Columbia’s new intellectual property policy sparks questions

By Anna Busalacchi, Managing Editor

Ryan Brumback

Columbia’s newly proposed intellectual property policy has caused concern and confusion from some students and the part-time faculty union.

In an email to “student leaders” and “colleagues” on June 28, the Office of the Provost announced the new intellectual property policy proposal for the Columbia community, which is in the process of review and approval from the Board of Trustees.

The policy was approved by the Academic Affairs Committee, a subcommittee of the Board of Trustees, on June 2 and will be reviewed by the entire Board of Trustees in the fall.

Sean Johnson Andrews, associate chair of the Humanities, History and Social Sciences Department, was on the committee that drafted the IP policy during the Spring 2021 semester, when he was Faculty Senate president.

Andrews has expertise in intellectual property rights and has written his dissertation on IP, along with two monographs and a book titled “The Cultural Production of Intellectual Property Rights.”

“If work that was produced by a student as part of a class got, in one way or another, featured in some sort of promotional materials, then you need to have some kind of blanket IP statement talking about how the college is allowed to use these materials because they were produced as part of the learning process, so that was initially why it was produced,” Andrews said.

Intellectual property is a topic of great historical dispute. In the case of COVID-19 vaccines, for example, President Joe Biden, prompted by the World Trade Organization, broke a common pattern in U.S. policy by waiving the IP patent on vaccines, allowing other countries to manufacture their own. However, large pharmaceutical lobbyists began a campaign against Biden’s decision, according to NPR.

Beyond international politics and medicine, artists are often advised to protect their creativity all the same, because the line of ownership has the potential to be blurred when it comes to an original idea, work or product in high demand. At Columbia, which focuses on the creative arts, intellectual property discussions are especially sensitive.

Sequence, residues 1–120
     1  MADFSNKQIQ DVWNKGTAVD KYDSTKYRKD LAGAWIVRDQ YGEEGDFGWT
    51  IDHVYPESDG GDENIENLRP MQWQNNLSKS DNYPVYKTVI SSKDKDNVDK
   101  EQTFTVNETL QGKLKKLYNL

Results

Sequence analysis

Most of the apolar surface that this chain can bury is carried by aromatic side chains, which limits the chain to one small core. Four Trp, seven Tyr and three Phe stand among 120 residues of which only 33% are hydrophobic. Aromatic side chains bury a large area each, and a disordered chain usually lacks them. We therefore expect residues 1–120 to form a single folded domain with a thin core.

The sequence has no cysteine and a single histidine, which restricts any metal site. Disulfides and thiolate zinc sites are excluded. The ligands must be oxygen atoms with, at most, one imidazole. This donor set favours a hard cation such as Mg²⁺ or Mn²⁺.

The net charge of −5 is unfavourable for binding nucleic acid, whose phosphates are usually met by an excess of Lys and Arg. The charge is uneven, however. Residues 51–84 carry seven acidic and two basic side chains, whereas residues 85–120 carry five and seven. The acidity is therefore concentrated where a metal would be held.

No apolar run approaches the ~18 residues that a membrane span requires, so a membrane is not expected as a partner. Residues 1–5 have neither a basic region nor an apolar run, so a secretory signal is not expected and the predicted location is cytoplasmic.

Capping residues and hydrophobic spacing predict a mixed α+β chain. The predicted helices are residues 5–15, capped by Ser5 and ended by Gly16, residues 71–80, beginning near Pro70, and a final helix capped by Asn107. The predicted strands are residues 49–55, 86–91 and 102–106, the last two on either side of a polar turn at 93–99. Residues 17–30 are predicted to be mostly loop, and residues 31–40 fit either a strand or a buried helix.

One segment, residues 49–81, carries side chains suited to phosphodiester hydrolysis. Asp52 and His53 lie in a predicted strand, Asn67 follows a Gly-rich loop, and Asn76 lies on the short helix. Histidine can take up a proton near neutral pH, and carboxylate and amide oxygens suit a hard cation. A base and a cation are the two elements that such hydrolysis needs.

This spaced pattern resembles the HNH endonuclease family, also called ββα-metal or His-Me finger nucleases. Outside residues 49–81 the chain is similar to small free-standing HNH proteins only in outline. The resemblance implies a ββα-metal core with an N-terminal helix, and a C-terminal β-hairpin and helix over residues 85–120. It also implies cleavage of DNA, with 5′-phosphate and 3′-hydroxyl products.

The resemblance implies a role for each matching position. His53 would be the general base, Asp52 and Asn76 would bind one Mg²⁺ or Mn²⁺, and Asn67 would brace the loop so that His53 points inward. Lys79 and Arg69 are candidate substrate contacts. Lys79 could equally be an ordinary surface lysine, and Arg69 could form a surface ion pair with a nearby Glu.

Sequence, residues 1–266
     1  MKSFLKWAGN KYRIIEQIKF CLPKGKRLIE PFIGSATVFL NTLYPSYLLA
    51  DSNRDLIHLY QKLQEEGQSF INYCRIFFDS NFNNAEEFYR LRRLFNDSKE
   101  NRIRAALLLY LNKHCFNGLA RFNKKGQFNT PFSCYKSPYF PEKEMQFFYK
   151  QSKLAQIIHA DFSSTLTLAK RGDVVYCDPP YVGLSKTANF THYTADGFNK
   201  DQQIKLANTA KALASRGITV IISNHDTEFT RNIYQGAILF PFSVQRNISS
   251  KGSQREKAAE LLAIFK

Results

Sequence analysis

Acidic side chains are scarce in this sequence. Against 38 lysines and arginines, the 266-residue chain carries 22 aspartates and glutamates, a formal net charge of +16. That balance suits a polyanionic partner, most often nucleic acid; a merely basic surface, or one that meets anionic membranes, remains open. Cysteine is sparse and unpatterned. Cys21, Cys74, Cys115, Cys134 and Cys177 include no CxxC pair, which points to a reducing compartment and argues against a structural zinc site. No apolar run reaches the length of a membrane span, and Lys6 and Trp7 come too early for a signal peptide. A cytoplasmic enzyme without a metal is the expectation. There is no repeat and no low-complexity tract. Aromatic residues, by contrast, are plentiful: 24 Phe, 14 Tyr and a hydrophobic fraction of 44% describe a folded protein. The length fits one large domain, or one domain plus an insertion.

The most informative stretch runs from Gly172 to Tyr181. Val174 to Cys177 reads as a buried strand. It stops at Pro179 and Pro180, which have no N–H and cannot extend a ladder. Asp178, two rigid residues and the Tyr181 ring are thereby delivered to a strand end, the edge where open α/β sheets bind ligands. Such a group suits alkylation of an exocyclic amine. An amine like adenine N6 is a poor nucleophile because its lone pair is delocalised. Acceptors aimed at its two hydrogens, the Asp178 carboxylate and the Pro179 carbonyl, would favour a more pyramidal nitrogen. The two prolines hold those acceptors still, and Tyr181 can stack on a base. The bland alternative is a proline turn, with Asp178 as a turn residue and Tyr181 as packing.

Andrews said Senior Vice President and Provost Marcella David convened the committee that drafted the language for the policy, which according to the email, consisted of “Department Chairs, School Deans, a graduate student, and representatives from the Office of the Provost, the Office of the General Counsel, and Human Resources.”

Andrews said most institutions of higher education have similar policies, and Columbia’s proposed policy was produced through researching other universities’ policies and adapting it to create “security for the college.”

The email from the provost stated: “Under the Policy, students own the copyright to any work they create in fulfillment of class assignments, as projects for academic credit, or in connection with co-curricular or extra-curricular organizations.”

The email also emphasized the college does not seek to own student work, but the policy claims the right to use student work if it is for “educational, promotional, and public relations purposes.”

Kaitlyn Venturina, junior cinema and television arts major, questions the college’s motives for the policy and whether the school cares about promoting itself or supporting its students as creatives.

“If they move on with this new policy in the fall, I feel a lot less creative; I feel caged essentially just because now that I know that my work is going to be affected by the school, I feel like I am unable to express my voice as freely as I wanted to,” Venturina said.

Venturina said the vague wording in the policy leaves things up for interpretation. She wants the school to educate students about how this policy could affect them and ask for permission to use their work.

In a July 28 email response to questions from the Chronicle, David said she does not think student or faculty creativity will be stifled by knowing of the possibility their work may be used by the college.

“In my experience students have viewed the chance to promote Columbia College through their creative work as an opportunity,” David said in the email to the Chronicle. “I also think the situations where we would feature student work in a promotion would be exactly the circumstance where we would be working in partnership with the student, and that the promotional use aspect of the policy will be the exception and not the rule. But I would also like to emphasize that we remain committed to abiding by all privacy laws and regulations relating to student records, including the Family Educational Rights and Privacy Act.”

The email to faculty, staff and students encourages the college community to direct any policy-related inquiries the Office of the Provost.

Andrews said the matter of explicit or implicit permission to use student materials for marketing or promotional purposes was an outstanding concern that was left up to the board, which ultimately decided upon only implicit permission.

Andrews said this makes the process easier for the college to use students’ work, especially if the student has already graduated and the college is not able to get in contact with them.

In her email to the Chronicle, David said the college prefers to ask for a student’s permission before using their work and would provide artistic credit. She added that in some circumstances this may not be possible.

The college’s part-time faculty union leaders continue to have questions about the proposed policy and say the college should be negotiating its terms with the union as part of its collective bargaining agreement.